Tuesday, March 1, 2016

San Giovanni in Laterano (2)

Today's photos:

1. The central door in the atrium.

2. Statue of Constantine.

3. Holy Door.

4. Looking down the center aisle.

5. Unusual Statue of St. Matthew.

6. Boniface VIII: Holy Year 1300.

7. Main altar and baldachino.

8. Apse mosaics and cathedra.

9. The famous yellow column.

Entering the Basilica of San Giovanni in Laterano, you find yourself in the atrium of the church. To your far right is the Holy Door (photo 3) now open for this Jubilee year of Mercy. However, it is the large center door (photo 1) which really gets your attention, and rightly so.

A curiosity

This is an ancient bronze door which survives from the Curia, the senate house in the Roman Forum. So how did it come to be in this basilica? Well, it seems that Alexander VII Chigi (1655-1667) took a liking to it; he had it removed and transferred to his cathedral. In fact, the stars that you see on the door were added at that time, reflecting the stars on the coat of arms of the Chigi pope. The door on the senate house today is a copy of the original.

On the far left side of the atrium is a much restored statue of Constantine (photo 2), the founder of the basilica. It was discovered in his baths on the Quirinal hill.

The Borromini restoration

Many churches in Rome are in what is called a "basilica style" - a large central nave (photo 4), separated by columns from two smaller aisles, one on each side. In this basilica, however, there are double side aisles, giving it five aisles instead of the usual three. This was one of the changes made by Borromini in his seventeenth century restoration.

On both sides of the main aisle are enormous niches, also by Borromini, which hold colossal statues of the apostles. Many of the statues and paintings of saints can be recognized by the attributes included in the scene, such as the keys for St. Peter, the eagle for St. John, the sword of St. Paul, etc.

A curiosity

I am always struck by the statue of St. Matthew (photo 5) in this church. He is one of the evangelists and is almost always depicted as an angel with wings, or in the presence of one. Here, however, the angel and its wings are not present. But the saint is recognized in a different way. Remember that Matthew was a tax collector when Jesus called him to be an apostle. Look at the bottom of his statue and you will see a small pile of coins! You may have to zoom in on the picture.

Borromini had originally planned to give the basilica a new ceiling in his restoration. Fortunately it was decided not to replace the beautiful ceiling which dates back to 1566. The great architect had also planned to replace the Cosmatesque floor, but he was talked out of that as well. (For an explanation of the word Cosmatesque, see my book: The Basilica of Santa Maria in Trastevere, pp. 46-47).

On the first pier on the right of the main aisle is a fragment of a painting, probably by Giotto. It depicts Boniface VIII (1295-1303) as he proclaims from the balcony of this basilica the very first Holy Year of 1300 (photo 6).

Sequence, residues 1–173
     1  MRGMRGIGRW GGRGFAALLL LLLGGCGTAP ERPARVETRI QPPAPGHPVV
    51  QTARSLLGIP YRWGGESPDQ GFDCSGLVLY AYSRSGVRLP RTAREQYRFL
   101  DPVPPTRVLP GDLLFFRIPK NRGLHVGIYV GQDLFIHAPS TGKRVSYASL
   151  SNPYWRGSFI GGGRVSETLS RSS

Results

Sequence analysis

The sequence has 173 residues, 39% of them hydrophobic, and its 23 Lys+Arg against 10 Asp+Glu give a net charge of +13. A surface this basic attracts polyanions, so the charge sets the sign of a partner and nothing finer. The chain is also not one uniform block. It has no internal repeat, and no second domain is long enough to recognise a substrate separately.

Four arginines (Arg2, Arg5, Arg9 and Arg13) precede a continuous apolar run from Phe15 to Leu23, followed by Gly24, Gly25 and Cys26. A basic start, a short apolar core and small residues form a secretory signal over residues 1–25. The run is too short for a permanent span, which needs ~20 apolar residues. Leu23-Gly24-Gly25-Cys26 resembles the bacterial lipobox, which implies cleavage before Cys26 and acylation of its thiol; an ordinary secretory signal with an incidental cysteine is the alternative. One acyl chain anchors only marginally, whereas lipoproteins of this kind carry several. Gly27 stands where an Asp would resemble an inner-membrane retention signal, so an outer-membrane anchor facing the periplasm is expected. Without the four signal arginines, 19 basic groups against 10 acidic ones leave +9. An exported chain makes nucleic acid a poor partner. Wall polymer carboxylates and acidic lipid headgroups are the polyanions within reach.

The mail altar

At the end of the center nave we find the main altar (photo 7) which lies beneath an enormous fourteenth century baldacchino (canopy) supported by four marble columns. At the top of this elaborate structure, behind small twisting columns are two reliquaries said to contain the heads of St. Peter and St. Paul.

The marble altar itself encloses part of a wooden altar believed to have been used by the early popes. Beneath the altar is what is called the Confession which contains the tomb of Pope Martin V (1417-1431) during whose pontificate major work was done in the basilica.

The apse

Unfortunately, the thirteenth century mosaics here were heavily damaged during the rebuilding of the apse (photo 8) in 1885 during the pontificate of Leo XIII (1878-1903). Those mosaics, however, have been beautifully restored in this copy. In the very center is the Cross, above which we see the Holy Spirit in the form of a dove and a bust of Christ. Four rivers, representing the Gospels, are flowing from the base of the Cross, and drinking from the rivers are two deer and two sheep which symbolize the faithful, nourished by the Gospels. Various saints are depicted on either side of this center scene.

Below this scene we see a row of windows, between which are nine of the apostles. The two miniature figures at the feet of two of the apostles represent the two artists who created the original mosaic in the thirteenth century: Jacopo da Camerino and Jacopo Torriti.

The papal throne, or cathedra (photo 8) in the center rear of the apse is a nineteenth century reconstruction. The base on which it stands is medieval.

The Transepts

Against the back wall of the left transept is the tomb of Leo XIII. In the corresponding position of the right transept we see the tomb of Innocent III (1198-1216). High above the door of the side entrance is a sixteenth century organ, no longer in use, supported by two ancient yellow columns.

A curiosity

Both of the transepts were built during the pontificate of Clement VIII Aldobrandini (1592-1605). It was he who wanted the organ to be supported by two yellow columns. The problem was that he had only one such column, so he did what many of the popes have done over the centuries . . . he "borrowed" one of the four yellow columns on the face of the Arch of Constantine and used it in the basilica. It is the column on your right as you face the organ (photo 9).

This account of the basilica includes only a few of its many highlights, but maybe it's enough to be useful to you if you ever decide to visit the magnificent Cathedral of Rome.


Post a Comment